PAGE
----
Birthday Bash at the Mayflower Club January 13, 2015
The new year is just a few weeks old, it's Winter, there's snow on the ground (well we almost had a little snow), and that means that it's time for Way Out West to have their first meeting of the year. So on Tuesday night, January 13th, at The Mayflower Club, you're all invited to join us to celebrate the 123rd birthday of Oliver Norvell Hardy. For the celebration there will be music, films, laughs, birthday cake, and an opportunity for you to be with friends. How can you pass up all of that?
Our first film for the evening is Yes, Yes Nanette (1925). This silent comedy short is one of Babe Hardy's first films at The Hal Roach Studios. James Finlayson, who is the star of the film, plays, Hillory, a newlywed who is meeting his new in-laws for the first time. Though Babe is only a featured actor in the film, he plays an important role as the former boyfriend of Hillory's new wife (Lyle Tayo). Stan Laurel does not appear in the film, but oddly enough, he is one of two directors for the film. Look for Pete the Dog from Our Gang.
The silent comedy short, Sugar Daddies (1927), again stars James Finlayson, but this time both Babe and Stan have prominent parts in the film. When unmarried playboy oil tycoon Cyrus Brittle (Fin) wakes up after a night on the town, he can't exactly remember what happened the night before. He soon finds out that he now has a wife, a stepdaughter, and a scary looking brother-in-law (Noah Young), all of whom want Cyrus to give them $40,000 to annul the new marriage. Can Cyrus' butler (Babe) and his lawyer (Stan) save him from the blackmail scheme?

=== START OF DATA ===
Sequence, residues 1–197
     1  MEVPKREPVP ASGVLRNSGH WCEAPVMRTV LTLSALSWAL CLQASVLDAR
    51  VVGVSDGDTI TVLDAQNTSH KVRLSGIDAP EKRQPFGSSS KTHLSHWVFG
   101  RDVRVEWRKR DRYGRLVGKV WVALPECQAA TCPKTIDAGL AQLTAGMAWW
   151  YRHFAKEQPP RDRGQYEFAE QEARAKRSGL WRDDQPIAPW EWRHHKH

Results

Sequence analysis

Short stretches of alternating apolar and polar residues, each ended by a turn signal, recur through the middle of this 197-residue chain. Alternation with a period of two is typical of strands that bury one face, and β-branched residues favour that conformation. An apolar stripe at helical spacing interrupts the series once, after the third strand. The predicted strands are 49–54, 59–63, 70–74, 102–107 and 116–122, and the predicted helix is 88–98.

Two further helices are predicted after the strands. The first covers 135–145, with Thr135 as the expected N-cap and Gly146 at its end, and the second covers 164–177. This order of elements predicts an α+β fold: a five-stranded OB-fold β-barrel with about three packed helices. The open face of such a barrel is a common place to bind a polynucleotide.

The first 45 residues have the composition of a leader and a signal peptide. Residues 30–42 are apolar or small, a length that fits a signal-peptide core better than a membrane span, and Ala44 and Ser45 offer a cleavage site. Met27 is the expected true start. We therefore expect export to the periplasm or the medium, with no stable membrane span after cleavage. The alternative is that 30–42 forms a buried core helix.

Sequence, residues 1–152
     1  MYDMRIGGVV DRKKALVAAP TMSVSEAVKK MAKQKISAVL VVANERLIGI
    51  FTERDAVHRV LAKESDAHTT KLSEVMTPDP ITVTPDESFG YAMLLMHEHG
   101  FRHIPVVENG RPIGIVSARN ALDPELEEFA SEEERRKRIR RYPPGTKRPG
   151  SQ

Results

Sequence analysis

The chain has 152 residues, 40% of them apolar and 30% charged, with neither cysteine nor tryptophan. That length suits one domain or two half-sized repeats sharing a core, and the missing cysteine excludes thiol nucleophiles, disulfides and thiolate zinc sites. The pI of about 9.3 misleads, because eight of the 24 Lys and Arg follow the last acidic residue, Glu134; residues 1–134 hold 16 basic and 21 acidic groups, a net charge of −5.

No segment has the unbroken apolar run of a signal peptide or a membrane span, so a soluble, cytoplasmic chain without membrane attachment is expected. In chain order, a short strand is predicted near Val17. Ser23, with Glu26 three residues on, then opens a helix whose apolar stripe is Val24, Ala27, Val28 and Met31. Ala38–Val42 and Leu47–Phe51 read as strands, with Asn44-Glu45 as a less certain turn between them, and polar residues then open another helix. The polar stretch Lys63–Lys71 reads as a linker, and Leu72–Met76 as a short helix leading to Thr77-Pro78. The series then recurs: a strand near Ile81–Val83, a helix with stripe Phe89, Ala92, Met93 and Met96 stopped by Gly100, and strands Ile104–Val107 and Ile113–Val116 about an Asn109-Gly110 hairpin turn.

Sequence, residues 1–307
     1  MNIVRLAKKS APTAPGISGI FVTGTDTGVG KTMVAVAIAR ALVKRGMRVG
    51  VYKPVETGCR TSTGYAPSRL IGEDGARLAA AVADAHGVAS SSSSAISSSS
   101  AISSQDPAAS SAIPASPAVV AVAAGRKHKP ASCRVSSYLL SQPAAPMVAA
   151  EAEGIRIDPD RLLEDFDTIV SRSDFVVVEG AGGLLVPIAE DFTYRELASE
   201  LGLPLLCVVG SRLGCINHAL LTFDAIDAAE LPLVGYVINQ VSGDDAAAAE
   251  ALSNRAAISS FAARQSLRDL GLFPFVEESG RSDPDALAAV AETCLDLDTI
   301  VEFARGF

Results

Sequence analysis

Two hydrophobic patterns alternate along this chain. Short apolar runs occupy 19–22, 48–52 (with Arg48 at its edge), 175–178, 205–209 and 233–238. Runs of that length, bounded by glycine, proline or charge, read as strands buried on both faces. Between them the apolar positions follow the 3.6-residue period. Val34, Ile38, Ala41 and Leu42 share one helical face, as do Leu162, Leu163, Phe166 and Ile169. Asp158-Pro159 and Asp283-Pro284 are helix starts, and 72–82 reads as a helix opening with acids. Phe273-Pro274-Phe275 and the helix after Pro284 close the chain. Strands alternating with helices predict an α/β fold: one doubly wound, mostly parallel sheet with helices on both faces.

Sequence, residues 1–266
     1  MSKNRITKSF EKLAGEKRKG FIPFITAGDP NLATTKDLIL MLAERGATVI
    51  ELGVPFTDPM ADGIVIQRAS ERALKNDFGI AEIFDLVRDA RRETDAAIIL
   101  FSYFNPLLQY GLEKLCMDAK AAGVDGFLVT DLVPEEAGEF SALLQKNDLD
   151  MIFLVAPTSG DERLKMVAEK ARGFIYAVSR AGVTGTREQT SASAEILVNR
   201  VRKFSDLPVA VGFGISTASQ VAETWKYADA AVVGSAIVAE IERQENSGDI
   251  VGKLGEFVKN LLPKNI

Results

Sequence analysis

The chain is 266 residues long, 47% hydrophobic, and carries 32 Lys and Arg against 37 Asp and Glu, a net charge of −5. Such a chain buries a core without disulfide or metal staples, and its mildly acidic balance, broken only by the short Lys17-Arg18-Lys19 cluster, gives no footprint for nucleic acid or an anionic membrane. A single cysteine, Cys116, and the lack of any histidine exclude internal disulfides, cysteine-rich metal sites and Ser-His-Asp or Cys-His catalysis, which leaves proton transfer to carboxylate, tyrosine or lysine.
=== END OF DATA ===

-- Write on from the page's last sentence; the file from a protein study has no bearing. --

In the Laurel & Hardy sound short, Our Wife (1931), Ollie and his girlfriend Dulcy (Babe London) decide to get married. Since Dulcy's father (James Finlayson) has made it known that he is against the marriage, Babe and Dulcy decide to elope with help from Ollie's Best Man Stan. After having a lot of "Laurel & Hardy" problems, the Boys and Dulcy manage to escape from Fin's clutches. Then it's off to Justice of the Peace (Ben Turpin) and his wife (Blanche Payson).
Our Laurel & Hardy feature for the evening is Saps at Sea (1940). In the film, Stan and Ollie work at a horn factory, where they tune horns all day. After Ollie has a nervous breakdown at the factory from all the noise, Ollie's doctor (James Finlayson) recommends that Stan should take Ollie on an ocean voyage. He also recommends that on the voyage Ollie should drink plenty of goat's milk. The Boys decide to rent a boat and live on it, without ever untying the boat from its dock. Then their new goat, Narcissus, changes their plan. Charlie Hall, Ben Turpin, and Richard Cramer also make appearances in the film.
The Mayflower Club is located in North Hollywood at 11110 Victory Boulevard. We open the doors at 6:30 p.m. Our meeting starts at 7:15 p.m. "Fisher Franks" (100% beef hot dogs), with your choice of toppings and chips will be sold at The Mayflower Club Kitchen. Refreshments will be sold at The Mayflower Club Bar. Free birthday cake will served at our second break. Hope you can join us on January 13th!